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BWW Exclusive: Johnny Ramey Reflects on BIPOC in the Arts Community


BWW Exclusive: Johnny Ramey Reflects on BIPOC in the Arts Community

As BroadwayWorld previously reported, our team is committed to to being a substantial part of a collective industry-wide effort to help address racism and white supremacy in the theatre in as many ways as possible; including a number of specific steps of action that we are already at work to implement.

If you are a Black artist or an artist of color and would like to share your stories, your work, and your experiences, or to recommend someone else that we should get in touch with for one of our initiatives, please feel free to email us at

Below, read a piece from actor and Juilliard graduate Johnny Ramey, who hopes to give light to being Black & Brown within our liberal artistic community. Johnny writes:

High school was my first brush with being told that I didn't fit the ideal image for American theater as an African American kid enamored with our craft. I went on to graduate from The Juilliard School in NYC, studied Psychology, and minored in Theater & African American studies at a university pre-Juilliard career. Yet still, all the training, studying, tv/film/theater shows I've had the joy of working on throughout the years have not washed away the stench of being told from my high school theater teacher: "I would've given you the role, but... no...". Wildly enough, the pattern persisted through Juilliard, and into my professional life.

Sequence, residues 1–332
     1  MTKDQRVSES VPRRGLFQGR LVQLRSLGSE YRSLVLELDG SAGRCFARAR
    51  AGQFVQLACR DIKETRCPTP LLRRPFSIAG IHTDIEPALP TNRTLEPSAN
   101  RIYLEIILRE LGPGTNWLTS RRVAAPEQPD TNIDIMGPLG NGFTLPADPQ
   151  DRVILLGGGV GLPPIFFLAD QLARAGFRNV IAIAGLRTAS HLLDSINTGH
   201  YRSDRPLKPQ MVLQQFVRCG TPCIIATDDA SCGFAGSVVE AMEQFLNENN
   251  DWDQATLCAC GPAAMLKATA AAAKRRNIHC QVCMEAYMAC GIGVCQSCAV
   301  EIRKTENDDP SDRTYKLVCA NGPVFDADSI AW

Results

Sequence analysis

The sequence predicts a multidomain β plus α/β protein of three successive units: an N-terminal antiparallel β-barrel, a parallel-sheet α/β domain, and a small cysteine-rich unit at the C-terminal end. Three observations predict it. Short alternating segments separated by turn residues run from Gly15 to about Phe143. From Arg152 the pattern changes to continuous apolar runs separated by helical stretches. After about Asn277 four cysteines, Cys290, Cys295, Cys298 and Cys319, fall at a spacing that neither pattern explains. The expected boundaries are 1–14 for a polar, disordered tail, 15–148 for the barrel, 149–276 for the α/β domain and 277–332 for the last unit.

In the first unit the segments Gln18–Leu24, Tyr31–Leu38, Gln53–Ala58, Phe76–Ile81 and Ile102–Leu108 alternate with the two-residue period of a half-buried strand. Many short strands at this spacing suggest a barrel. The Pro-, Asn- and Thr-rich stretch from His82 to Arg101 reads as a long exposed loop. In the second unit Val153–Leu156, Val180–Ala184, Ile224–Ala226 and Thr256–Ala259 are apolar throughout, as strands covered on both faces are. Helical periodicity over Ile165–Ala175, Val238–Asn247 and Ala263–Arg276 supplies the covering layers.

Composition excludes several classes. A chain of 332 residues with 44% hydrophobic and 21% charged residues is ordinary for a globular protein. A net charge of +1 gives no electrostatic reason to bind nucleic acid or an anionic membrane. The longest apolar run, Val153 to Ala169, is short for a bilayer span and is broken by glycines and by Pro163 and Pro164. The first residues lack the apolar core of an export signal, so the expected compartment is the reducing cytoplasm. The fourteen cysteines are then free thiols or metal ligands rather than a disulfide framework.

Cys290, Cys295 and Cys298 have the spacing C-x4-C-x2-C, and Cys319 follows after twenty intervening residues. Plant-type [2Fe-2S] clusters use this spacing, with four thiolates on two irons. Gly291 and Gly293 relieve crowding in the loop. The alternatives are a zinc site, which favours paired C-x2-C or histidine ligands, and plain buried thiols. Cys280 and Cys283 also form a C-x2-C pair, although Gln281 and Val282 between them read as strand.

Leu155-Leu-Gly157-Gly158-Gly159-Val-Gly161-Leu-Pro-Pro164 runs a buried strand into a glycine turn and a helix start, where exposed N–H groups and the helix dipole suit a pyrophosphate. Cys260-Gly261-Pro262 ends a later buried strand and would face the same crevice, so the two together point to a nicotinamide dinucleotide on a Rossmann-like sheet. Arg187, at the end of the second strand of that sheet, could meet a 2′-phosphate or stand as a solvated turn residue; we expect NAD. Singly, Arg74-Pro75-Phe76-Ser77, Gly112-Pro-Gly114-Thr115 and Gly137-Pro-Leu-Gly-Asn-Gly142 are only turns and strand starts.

My first memory of being on stage was at my fathers church during the winter holidays. At six years old, I played Pontius Pilot for our Nativity scene. I did not know then, but a freedom within storytelling was lit. At 7, I chased after the role of Pandora's Husband for a D.A.R.E (Drug Abuse Resistance Education) production of PANDORAS' BOX. Mainly because my grade school crush, Tysherrie, would be playing Pandora. After my D.A.R.E debut, the term "Burn Out" was attributed to me, because I gave my all playing Pandora's Husband that afternoon. You should have witnessed me convincing Tysherrie, not to open that damn box.

I took a well-deserved sabbatical to soak in my 7 year-old black boy acting glory. I became a hermit- only coming out of my shell in high school, because California state deemed it necessary for children to receive state regulated exercise.

My dear mother gave me the choice of Physical Education, Band, or Theater Movement, which consisted of juggling, fight choreography, fencing, dance, and theater games. I quickly signed up for theater movement, because P.E. & Band seemed like too much sweat equity.